Foster participation in healthy peer youth relationships at the center and in their communities and encourage participation in positive growth promotion and leadership activities by involving Red Cross and other youth groups, and by inviting youth peer educators to give health talks to beneficiaries.

Significant accomplishments during this period included:

  • Activities of the youth peer club at the Waterloo CAR center were intensified with performances in the community schools on HIV/AIDS sensitization.

  • A ToT workshop, organized by the Western Area Branch Community Based Health Programme, was attended by one Activist from Kenema. The lessons learned at this workshop were shared with other CAR staff.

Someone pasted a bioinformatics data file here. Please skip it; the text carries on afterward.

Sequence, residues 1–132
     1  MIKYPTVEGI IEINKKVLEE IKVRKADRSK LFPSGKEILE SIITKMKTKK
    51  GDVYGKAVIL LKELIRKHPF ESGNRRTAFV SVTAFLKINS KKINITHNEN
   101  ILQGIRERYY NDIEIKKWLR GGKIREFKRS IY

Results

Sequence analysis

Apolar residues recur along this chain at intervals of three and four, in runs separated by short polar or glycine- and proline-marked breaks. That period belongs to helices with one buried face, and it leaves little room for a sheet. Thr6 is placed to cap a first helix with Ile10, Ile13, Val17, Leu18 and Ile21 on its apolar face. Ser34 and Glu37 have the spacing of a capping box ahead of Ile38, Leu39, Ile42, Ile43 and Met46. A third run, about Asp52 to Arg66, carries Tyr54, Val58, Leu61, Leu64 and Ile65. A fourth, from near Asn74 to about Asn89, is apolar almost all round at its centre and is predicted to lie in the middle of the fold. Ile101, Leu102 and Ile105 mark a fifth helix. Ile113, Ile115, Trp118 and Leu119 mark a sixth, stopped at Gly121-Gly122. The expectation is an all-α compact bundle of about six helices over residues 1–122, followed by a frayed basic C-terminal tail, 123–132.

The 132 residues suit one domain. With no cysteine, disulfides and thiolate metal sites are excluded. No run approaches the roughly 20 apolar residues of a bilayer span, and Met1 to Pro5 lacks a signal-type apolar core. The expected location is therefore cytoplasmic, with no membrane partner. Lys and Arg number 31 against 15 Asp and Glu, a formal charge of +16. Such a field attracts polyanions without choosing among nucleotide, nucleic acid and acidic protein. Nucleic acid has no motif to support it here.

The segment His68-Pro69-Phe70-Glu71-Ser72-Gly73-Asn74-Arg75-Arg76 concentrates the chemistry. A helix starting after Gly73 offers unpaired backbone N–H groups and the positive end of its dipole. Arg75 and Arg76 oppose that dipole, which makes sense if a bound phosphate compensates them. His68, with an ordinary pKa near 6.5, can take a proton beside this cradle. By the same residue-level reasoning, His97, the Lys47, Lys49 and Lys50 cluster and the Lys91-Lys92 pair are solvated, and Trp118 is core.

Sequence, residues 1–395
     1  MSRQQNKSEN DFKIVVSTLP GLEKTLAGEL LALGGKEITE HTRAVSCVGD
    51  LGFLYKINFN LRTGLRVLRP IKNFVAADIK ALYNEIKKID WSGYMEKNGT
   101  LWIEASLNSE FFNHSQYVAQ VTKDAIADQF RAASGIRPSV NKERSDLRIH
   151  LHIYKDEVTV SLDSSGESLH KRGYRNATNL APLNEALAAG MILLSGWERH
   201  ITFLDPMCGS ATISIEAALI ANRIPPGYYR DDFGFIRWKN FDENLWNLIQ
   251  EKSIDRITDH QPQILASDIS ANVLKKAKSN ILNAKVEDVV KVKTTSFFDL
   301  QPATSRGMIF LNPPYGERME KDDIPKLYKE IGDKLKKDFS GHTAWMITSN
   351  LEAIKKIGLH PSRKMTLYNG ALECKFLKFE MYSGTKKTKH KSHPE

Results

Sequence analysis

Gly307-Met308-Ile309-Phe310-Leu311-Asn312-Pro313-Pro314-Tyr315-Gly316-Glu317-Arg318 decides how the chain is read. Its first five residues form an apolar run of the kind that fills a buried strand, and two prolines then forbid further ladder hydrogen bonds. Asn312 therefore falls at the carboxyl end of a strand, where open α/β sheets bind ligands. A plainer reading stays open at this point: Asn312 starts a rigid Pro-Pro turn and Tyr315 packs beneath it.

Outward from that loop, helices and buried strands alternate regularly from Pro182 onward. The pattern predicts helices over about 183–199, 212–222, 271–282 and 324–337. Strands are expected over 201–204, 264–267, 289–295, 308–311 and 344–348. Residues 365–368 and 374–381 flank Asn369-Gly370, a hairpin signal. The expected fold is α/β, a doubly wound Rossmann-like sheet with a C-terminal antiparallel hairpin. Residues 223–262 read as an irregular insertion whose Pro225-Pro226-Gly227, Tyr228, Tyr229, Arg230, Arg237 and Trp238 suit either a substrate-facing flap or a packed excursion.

• Beneficiaries at the Kambia CAR center actively participated in the World Aids Day.

  • A total of 131 beneficiaries received certificates during the graduation ceremony on 14 December 2002 at the Waterloo Centre. Many parents and dignitaries attended the ceremony.

  • The counseling sessions have gone a very long way in healing trauma and was complimented by the psycho-social activities of War Child.

  • As a result of the home visits by the activists, parents now accept their children openly and it is evident that the children have had their dignity and respect restored within the communities.

  • About 80% of the beneficiaries who never attended school can now read and write as a result of the CAR programme.

HEALTH AND CARE